Fighting City Hall: The People's Medicine in Action (cont'd.)
Dr. Dan Doyle, a family practitioner who has devoted his career since graduating from the Worcester Family Practice Residency in 1977 to his rural practice in the coal-mining country around Scarboro, West Virginia, is a case in point. His practice at the New River Health Center in Scarboro treats some of the poorest of Appalachian families. As he wrote in a 1980 profile of his work, his first exposure to Southern Appalachia and the source of his admiration for its people, came from the region's music and from books by labor organizer Saul Alinsky. Doyle's practice philosophy, only 2 years after residency, helps to underscore why family medicine residents might have been disproportionately involved in the job action at WCH: "[One] thing I hope to accomplish, maybe the most realistic, is to raise people's expectations of what health care should be." Doyle's practice philosophy in fact captures the blend of political engagement and medical holism that were at the heart of the early family practice era. He called for physicians to make a "concentrated effort … to explain things to people, to learn and speak their own language in describing medical things, to perceive and to speak to their unvoiced fears, to treat the emotional anguish of illness as well as the physical, to discourage dependence on professionals and, instead, to encourage people to know their own bodies and be self-reliant … to demythologize the role of the health professional without denying the real role."(88)
After graduating from Notre Dame University and Harvard Medical School, Doyle took a break for two years to work as an orderly at Boston City Hospital and engage in community organizing and health education. Perhaps significantly, only a few years before Doyle worked there, Boston City had been the site of both a "heal-in" by the residents and a show-down between the senior medical staff and City Hall. In both cases, these actions were a response to the terrible conditions at the hospital for both patients and their providers. When Doyle began his residency at Worcester City in 1974, it was not long before he and the other residents discovered conditions akin to those at Boston City and many other municipal hospitals. A year and a half after the start of their program, the Worcester Family Medicine residents began to write up "Incident Reports" to document problems with patient care on the hospital wards.(89)
Clearly, the plight of City Hospital and its surrounding neighborhood were a moral provocation to some of the residents in this reform-minded cohort. Moreover, unionization for medical professionals was burgeoning, as we have seen. Once the residents began to consider how to organize, therefore, they made contact with the union organizer, Eugene (Gene) Petit, who lived in Worcester and was in contact with other house staff organizations in the northeast. Worcester blue collar culture had reached, according to Petit, a crossroads where the city's intensely anti-union manufacturers were losing ground to successful organizing efforts by government workers such as teachers.(90) At the time, Worcester was administered by a long-term City Manager, Francis J. McGrath, and his second in command, the lawyer Demitrios ("Dee") M. Moschos, the head of the city's Labor Relations Office. These were the men to whom City Hospital's superintendent reported. McGrath and Moschos, by effectively controlling the administration and budget of the City, also effectively controlled the budgetary decisions related to City Hospital.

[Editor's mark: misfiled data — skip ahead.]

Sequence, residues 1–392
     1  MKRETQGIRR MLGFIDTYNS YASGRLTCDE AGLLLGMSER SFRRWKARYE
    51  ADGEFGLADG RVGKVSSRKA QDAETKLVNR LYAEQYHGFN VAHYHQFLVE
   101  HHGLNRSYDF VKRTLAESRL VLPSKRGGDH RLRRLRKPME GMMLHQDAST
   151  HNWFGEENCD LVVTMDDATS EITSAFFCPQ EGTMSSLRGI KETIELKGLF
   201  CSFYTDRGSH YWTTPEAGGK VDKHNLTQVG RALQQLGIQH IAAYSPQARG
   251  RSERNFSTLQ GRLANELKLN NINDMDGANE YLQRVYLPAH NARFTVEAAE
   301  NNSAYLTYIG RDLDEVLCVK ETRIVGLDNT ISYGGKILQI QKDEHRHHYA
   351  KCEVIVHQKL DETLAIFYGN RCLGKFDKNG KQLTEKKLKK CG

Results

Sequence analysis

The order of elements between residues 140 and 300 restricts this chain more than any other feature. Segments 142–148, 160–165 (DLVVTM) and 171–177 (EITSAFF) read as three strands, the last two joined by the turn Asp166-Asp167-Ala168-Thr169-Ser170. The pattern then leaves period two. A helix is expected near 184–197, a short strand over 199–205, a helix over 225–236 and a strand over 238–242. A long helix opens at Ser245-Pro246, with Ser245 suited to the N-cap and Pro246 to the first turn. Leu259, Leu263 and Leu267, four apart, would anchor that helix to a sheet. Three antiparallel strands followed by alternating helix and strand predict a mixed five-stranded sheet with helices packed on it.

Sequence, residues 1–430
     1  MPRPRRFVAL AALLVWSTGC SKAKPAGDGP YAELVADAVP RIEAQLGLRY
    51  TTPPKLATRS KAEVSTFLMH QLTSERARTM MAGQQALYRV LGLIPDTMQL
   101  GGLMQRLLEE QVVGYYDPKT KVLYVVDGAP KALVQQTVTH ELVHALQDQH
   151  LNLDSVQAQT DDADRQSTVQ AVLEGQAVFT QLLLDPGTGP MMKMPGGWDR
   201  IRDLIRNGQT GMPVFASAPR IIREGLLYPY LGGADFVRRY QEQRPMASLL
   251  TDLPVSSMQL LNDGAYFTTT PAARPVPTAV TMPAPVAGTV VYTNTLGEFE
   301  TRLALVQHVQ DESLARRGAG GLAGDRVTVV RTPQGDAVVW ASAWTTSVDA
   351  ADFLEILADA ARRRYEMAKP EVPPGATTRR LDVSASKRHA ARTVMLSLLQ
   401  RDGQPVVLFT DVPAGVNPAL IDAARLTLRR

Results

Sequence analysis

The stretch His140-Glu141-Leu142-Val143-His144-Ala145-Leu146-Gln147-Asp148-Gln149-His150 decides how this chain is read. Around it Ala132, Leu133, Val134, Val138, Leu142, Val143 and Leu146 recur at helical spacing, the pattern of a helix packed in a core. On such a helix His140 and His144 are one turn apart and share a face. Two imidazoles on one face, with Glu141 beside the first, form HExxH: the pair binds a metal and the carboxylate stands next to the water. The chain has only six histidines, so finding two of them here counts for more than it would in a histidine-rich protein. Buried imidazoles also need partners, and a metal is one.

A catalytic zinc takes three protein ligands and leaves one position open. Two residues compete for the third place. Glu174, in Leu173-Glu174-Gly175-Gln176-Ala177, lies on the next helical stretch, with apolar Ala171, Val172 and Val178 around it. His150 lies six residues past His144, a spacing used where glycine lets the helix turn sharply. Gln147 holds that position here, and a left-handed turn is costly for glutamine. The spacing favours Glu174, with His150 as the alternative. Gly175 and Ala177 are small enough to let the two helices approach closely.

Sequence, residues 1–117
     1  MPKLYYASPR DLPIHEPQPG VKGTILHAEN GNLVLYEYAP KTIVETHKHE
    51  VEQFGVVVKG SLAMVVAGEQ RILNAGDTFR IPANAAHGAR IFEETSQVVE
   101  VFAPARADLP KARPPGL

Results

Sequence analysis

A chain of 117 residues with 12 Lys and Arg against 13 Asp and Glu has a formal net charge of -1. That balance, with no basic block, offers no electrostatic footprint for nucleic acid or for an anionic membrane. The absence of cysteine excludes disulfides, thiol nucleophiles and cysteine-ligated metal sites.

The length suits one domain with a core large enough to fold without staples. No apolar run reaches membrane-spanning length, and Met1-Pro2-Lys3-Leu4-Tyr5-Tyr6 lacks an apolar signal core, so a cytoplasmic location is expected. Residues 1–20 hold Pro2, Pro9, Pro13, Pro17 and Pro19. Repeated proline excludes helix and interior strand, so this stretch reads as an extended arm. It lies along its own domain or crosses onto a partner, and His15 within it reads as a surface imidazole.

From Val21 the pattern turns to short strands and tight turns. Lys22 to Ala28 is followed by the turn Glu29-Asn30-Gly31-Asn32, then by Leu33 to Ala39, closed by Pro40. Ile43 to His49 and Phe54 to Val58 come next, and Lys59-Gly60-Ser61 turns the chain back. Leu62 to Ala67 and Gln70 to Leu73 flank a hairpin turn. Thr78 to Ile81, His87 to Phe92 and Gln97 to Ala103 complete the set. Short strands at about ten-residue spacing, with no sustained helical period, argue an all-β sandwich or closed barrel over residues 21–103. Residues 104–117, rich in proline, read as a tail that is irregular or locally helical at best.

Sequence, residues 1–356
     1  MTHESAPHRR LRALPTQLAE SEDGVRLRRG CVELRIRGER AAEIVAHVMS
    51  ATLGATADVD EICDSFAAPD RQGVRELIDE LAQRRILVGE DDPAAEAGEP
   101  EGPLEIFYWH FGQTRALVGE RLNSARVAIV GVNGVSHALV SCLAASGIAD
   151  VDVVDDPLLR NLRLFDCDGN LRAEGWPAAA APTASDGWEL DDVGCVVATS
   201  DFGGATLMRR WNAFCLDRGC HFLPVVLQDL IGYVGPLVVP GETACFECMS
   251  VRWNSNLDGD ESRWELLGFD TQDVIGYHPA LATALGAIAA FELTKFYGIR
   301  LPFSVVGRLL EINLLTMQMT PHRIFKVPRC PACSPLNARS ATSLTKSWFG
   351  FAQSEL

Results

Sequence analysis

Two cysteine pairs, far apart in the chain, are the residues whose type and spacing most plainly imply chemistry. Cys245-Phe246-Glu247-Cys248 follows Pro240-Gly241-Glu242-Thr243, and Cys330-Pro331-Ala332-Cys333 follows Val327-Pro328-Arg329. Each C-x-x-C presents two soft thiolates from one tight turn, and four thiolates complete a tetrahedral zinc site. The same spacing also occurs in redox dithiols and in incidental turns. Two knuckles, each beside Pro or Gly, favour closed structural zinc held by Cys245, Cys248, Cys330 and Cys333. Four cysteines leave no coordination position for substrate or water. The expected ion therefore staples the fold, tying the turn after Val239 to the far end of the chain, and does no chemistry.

The hospital's Main South patients, to the extent they registered and actually voted, were technically McGrath's bosses along with their chosen city councilors. But poverty, language barriers, and perhaps even employment by the city, often reduced the neighborhood's potential for active political engagement. Yet, Gene Petit, the residents' labor liaison and chief organizer, recalls a community of recent immigrants who did publicly protest on behalf of their neighborhood hospital and its young medical staff. At the height of the conflict, for example, the recently formed "Community Coalition for a Better City Hospital," as well as the specifically all-Hispanic "Committee for Organizing the Puerto Rican Community," organized public meetings and demonstrations.(91) This, he believes, was a testament to the residents' own engagement with the community. Petit, who also ran a local radio program featuring folk music, jazz, and bluegrass—often with local artists, remembers a strong ethos of community activism among that early Family Medicine cohort. He told us:
For the Family Practice docs, I think that unlike maybe some of the surgical residents or some of those folks, these were people who were out there in the community. They were really I think just starting up a lot of the family clinics … So they were out doing rotations into the family clinics, so they were seeing people in the community and stuff a lot more maybe than what some of the other people were. There was an attachment, I think, to the community. The family practice docs as well, on the whole, tended to be people who were interested in activities related to the people that lived in the community, whether it be cultural or music or whatever it happened to be. They found themselves not just treating people in the community but also in some cases going to some of the functions that were held. At some point some of that went the other way where the house staff association had a couple of functions that invited the community to come, and they were very successful. They were very well-attended, but more than anything else, I think it was the fact that the family practice docs were really "the heart and soul" of knowing what was happening to that hospital in terms of why it needed to be supported and why it needed to have adequate staffing and budgetary needs met.(92)